Partnerships and inter-agency work — The IOM supports the #IBELONG campaign to eradicate statelessness by 2024, and is a part of the UNICEF–UNHCR-led coalition on every child’s right to a nationality. Furthermore, the IOM is part of the Inter-Agency Working Group on Statelessness, and has welcomed the inclusion of Target 16.9 in the Sustainable Development Goals, which promotes providing legal identity for all, including birth registration, by 2030.

Recommendations

Preventing statelessness among migrants requires a coordinated, multi-pronged approach on both a practical front and with regard to legal reform.

  1. States can ensure that their consular authorities are providing adequate assistance to at-risk persons in need of confirmation of their status as nationals – whether for issuing emergency travel documentation, or, ideally, proof of identity that will serve migrants regardless of their intent to remain, return or travel onwards. That requires that States ensure their consular authorities have sufficient capacities, including adequately trained human resources, and are physically accessible. It also supposes that measures are taken to remove, as much as possible, barriers to accessing documentation, by developing links with migrant communities, regularly visiting such communities and taking on the burden of translating of documents. IOM stands ready to support with these efforts. In Libya, the African Union – European Union – United Nations tripartite taskforce (AU-EU-UN tripartite taskforce) formally acknowledged and called upon African countries to make their consular services available to migrants in Libya.
  2. Consular authorities should be involved and active not only in cases of detention of migrants, expulsion, or return, but also to assist migrants in developing a dignified life wherever they may need support, to get a clear insight into the living conditions and protection issues of their nationals, and to strengthen relations with host countries in order to find sustainable solutions. More systemic support is needed to strengthen consular procedures, enhance coordination between capitals, embassies and consulates, and to strengthen cooperation among States. Consular visits in a transit or destination State can be essential for assisting migrants in vulnerable situations and facilitating their recognition and documentation as nationals. The IOM seeks to increasingly advocate for adherence to official and simplified procedures for determining nationality or permanent residence based on domestic nationality law, immigration laws or other relevant legislation.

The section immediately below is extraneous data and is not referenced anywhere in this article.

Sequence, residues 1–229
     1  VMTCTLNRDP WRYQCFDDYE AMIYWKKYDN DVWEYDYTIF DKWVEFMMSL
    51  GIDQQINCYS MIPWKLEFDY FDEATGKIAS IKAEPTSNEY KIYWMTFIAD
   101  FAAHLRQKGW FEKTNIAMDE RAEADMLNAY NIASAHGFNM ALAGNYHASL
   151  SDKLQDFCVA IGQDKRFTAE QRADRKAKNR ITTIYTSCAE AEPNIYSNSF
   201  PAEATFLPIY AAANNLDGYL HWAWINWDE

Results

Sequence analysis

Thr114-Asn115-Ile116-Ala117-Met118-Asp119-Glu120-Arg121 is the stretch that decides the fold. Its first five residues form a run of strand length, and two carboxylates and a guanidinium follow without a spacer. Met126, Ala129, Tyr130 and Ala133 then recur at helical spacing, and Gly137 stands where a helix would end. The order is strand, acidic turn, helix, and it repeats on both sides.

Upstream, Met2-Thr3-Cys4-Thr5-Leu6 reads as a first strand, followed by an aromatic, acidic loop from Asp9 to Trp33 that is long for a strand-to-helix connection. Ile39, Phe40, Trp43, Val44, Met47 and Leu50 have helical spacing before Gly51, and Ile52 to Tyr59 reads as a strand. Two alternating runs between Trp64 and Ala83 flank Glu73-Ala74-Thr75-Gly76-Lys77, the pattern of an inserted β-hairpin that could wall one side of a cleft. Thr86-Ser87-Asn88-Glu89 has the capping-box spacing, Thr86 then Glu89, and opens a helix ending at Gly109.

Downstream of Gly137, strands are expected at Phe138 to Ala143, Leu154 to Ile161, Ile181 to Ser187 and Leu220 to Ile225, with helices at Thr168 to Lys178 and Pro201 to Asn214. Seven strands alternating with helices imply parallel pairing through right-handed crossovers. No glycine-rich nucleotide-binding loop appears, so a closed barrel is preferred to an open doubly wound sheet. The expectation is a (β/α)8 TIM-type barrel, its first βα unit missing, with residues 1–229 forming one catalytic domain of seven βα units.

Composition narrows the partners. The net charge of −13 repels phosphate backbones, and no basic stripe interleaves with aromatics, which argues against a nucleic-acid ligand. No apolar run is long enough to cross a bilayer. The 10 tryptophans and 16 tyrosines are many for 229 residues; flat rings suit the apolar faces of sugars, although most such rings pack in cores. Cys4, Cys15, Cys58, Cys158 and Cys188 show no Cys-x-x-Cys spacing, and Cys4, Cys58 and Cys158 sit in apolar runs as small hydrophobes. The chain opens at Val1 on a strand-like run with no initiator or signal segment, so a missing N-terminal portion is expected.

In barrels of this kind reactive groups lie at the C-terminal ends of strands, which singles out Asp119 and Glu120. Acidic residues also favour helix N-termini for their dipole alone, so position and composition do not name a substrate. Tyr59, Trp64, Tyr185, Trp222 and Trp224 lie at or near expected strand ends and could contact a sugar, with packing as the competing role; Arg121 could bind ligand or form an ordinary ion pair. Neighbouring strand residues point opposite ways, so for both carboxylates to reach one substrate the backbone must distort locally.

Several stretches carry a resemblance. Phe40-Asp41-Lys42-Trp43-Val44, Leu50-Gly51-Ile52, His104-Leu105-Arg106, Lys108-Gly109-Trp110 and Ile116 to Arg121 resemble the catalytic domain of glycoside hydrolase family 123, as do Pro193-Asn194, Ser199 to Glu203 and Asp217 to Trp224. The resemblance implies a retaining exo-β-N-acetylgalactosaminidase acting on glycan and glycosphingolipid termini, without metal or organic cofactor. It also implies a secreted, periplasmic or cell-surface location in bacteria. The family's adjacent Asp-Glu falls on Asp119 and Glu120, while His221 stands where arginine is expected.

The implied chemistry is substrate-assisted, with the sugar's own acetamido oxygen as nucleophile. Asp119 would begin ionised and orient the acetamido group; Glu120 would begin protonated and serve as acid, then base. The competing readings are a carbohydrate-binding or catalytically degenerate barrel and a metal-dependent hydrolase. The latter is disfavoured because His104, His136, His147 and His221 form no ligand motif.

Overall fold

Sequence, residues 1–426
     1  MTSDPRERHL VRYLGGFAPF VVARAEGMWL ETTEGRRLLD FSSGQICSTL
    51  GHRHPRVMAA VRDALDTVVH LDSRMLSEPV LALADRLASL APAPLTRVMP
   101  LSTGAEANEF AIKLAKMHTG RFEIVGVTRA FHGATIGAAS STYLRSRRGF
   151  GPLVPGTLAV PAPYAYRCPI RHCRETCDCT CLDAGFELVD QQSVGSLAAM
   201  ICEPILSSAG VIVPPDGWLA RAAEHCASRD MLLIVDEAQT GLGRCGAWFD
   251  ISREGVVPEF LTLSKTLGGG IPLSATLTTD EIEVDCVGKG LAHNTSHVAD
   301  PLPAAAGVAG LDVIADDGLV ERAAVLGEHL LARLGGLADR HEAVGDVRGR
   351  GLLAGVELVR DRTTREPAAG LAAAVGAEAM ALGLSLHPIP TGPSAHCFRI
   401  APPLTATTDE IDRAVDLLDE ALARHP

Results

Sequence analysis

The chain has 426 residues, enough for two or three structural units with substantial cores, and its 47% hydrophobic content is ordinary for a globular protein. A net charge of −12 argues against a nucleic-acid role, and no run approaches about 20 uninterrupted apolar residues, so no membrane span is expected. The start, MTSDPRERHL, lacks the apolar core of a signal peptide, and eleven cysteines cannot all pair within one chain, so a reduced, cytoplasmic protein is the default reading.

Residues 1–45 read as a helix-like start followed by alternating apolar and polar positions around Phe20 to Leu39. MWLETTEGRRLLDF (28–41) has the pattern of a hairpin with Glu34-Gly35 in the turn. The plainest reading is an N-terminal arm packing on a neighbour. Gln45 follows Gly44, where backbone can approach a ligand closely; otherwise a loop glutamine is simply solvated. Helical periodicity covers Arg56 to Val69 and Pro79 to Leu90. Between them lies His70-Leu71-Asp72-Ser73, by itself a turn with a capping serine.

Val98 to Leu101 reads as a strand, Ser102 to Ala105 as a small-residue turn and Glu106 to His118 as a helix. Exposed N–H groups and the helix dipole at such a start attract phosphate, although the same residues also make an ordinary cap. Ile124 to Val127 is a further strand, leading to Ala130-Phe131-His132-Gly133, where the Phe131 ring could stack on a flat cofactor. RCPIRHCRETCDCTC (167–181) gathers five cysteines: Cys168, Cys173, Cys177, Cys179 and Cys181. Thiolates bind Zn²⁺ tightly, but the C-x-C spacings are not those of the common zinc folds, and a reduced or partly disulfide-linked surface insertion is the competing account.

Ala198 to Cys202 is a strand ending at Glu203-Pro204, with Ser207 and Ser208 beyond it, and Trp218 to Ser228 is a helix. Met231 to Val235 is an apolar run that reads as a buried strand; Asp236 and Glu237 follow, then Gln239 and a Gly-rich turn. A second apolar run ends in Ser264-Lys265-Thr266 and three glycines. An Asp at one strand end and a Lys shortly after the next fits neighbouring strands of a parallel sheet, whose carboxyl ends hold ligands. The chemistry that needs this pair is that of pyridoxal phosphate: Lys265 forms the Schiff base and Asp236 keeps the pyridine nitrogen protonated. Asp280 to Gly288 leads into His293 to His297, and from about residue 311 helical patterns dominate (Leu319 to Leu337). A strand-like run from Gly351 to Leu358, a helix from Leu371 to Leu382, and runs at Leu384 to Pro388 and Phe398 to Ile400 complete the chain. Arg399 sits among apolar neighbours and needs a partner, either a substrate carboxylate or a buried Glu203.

3. The IOM also encourages States to further engage in education campaigns about the requirement and benefits of birth registration and to increase the capacities of civil registration authorities, in the receiving country and through consular authorities, for both regular and irregular migrants. Barriers to birth registration of the latter, whether by law or in practice, should be lifted. Only with such measures, and more, will we see the number of people at risk of statelessness decrease, which is part of the fight against statelessness. Finally, the IOM, together with UNHCR, encourages countries to review their laws such that nationals are protected against loss of nationality on account of residence abroad, where doing so would render them stateless.

The seriousness of the risks of statelessness for many migrants and the potential for both “enduring and multi-generational” disastrous effects cannot be stressed enough. The IOM remains keen to leverage its specific role and expertise to further the common struggle against statelessness.


Anne Althaus specialises in human rights and international criminal law and has been working as a migration law officer within the International Migration Law (IML) Unit of the IOM since 2013. The IML Unit is responsible for the promotion of the international legal standards governing migration and providing protection of the rights of migrants. Anne holds a LL.M. in Human Rights and International Humanitarian Law from the Academy of Human Rights, Geneva.


Laura Parker is a human rights professional, with experience in the fields of statelessness, legal identity documentation, forced migration and management of legal aid programmes. She has worked for civil society organisations and UNHCR in Africa and Latin America, and currently heads the protection team at IOM Mauritania. She tweets at @Laurafromlondon

This blog post and the others in the series are based on presentations during a workshop convened by the MEC on 1 March 2019 discussing statelessness and legal identity in the context of migration. @BronwenManby


In this series: